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Purchasing a car can be a confusing yet exciting process. You must be familiar with the Georgia lemon law so that you never get taken for a ride. The more you know about your rights, the easier it is to go into the buying process with the facts and the best way to proceed. In many situations where things go wrong, it will be in your best interest to seek guidance from a trusted lemon law attorney.
You Bought a Car – Now What?
Suppose you bought a vehicle that looks great and seems to drive well – congratulations! You may also have a warranty that came along with it. But, what if you start to notice some issues before long. You might bring it to the dealership where you bought it to get it fixed, but it gets worse again after a week or so. If you are worried that you have picked a lemon for cars, then you may be wondering what your next best step would be.
What is a Lamon Law?
Lemon law experts will tell you that these are laws made to offer options for drivers who have purchased cars that do not meet performance and quality standards. There is actually a federal lemon law and individual state rules that will apply. If you live within the state of Georgia, then you will need to look further into the Georgia lemon law guidelines so that you have all the information necessary to move forward.
While it is not commonplace, there are times when car buyers need to look to a lemon lawyer to help within the state of Georgia. If you have a defect in your vehicle or a manufacturer or dealership sells a bad vehicle, the lemon law goes over the proper steps that drivers can follow in coming to a resolution.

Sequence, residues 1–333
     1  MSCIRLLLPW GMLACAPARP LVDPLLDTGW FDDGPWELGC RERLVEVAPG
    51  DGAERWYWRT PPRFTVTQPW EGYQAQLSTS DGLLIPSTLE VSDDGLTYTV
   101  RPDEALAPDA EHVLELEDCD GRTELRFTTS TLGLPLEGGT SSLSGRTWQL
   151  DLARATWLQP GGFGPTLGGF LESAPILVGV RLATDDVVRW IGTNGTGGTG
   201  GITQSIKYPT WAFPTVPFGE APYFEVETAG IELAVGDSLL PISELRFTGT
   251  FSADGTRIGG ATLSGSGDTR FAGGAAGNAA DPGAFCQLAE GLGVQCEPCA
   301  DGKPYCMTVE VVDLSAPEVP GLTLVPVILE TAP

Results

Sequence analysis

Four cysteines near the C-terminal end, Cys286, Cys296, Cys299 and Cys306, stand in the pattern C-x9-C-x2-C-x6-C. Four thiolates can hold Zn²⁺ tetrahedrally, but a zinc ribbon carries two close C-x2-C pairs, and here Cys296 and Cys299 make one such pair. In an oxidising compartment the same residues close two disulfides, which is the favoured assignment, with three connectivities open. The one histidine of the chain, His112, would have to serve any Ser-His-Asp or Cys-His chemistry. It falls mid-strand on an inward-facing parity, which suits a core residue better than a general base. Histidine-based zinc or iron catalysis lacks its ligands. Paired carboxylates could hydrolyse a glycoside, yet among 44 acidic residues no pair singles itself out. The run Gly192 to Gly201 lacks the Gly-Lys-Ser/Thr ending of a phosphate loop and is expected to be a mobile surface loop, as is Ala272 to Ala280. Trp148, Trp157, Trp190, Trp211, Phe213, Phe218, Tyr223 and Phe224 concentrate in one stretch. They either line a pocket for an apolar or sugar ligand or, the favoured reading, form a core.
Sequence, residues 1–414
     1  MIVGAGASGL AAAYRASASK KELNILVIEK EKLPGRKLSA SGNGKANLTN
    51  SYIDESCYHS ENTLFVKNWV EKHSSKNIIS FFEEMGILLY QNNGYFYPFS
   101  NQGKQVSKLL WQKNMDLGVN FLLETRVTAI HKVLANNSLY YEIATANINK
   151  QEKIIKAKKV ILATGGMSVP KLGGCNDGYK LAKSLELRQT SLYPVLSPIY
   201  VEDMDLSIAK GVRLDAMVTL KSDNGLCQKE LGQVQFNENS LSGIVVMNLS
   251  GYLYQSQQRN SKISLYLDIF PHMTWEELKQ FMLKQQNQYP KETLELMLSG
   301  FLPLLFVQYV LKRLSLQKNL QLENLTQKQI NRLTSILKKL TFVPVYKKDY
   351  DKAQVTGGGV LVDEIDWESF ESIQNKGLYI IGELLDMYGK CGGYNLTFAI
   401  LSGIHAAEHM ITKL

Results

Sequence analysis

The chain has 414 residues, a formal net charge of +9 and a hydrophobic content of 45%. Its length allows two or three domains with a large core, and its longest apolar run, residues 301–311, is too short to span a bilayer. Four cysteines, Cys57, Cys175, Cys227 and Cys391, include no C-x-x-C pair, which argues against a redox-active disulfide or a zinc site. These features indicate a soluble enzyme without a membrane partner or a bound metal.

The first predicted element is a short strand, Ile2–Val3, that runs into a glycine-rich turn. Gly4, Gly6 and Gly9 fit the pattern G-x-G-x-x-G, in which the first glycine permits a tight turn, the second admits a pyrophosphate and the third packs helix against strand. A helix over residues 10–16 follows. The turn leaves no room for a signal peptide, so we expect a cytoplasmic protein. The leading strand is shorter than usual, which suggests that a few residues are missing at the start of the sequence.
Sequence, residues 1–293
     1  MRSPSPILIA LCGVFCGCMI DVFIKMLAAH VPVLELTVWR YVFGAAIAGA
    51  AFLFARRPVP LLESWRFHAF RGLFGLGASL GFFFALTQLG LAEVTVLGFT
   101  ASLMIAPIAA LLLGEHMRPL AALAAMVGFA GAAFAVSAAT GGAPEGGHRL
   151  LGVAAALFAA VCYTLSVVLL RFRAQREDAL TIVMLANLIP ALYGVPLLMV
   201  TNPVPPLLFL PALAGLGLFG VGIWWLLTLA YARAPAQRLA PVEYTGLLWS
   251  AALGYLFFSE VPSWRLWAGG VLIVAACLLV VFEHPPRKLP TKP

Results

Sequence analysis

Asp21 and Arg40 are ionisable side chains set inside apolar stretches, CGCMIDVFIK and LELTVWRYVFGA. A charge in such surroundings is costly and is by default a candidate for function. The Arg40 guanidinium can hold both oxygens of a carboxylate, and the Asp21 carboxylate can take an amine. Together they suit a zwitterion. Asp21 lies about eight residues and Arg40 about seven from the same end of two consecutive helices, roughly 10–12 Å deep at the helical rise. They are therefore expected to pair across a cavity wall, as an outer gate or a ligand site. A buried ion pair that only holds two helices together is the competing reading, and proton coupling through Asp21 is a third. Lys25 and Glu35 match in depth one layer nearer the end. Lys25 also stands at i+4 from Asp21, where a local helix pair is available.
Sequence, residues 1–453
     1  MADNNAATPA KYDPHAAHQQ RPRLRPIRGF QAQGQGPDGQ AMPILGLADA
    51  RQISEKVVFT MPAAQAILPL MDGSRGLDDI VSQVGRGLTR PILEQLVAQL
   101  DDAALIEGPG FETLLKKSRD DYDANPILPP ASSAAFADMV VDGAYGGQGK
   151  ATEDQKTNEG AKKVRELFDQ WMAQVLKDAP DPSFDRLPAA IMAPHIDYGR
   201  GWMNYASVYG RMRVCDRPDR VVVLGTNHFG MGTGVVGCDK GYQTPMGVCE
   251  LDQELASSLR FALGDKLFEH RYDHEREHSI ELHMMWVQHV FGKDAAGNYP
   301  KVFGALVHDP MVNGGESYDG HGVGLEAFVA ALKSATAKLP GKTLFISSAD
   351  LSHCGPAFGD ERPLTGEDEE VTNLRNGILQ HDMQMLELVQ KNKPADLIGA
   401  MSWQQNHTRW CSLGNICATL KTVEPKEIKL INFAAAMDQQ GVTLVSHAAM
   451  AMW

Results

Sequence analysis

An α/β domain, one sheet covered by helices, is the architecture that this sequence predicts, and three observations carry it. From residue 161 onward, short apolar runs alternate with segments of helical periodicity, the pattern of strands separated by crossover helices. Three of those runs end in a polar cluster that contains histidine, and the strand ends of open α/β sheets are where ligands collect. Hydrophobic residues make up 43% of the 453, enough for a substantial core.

Do You Need a Consumer Rights Lawyer?
The lemon law in Georgia outlines that a lemon vehicle only qualifies if it is new with a non-conformity that is not repairable. The details from one state to another may vary, but Georgia requires that a vehicle is in new condition to meet the definition. Guidelines are as follows:
- The vehicle must have been purchased brand-new within two years
- There must be a significant deficiency in the vehicle proving to be extreme and impacting operability
- A mechanic must have attempted at least three repairs to fix it, or there has to have been at least a single repair for a safety-related issue.
- The vehicle must have been out of service and in a repair shop for a minimum of 30 days.
Do you still have questions or wonder if your vehicle falls in line with Georgia lemon law guidelines? You can get the help you need by contacting the offices of Allen Stewart. By calling (866) 440-2460, we can set you up with a free lemon law consultation to go over your rights and further details within the state of Georgia.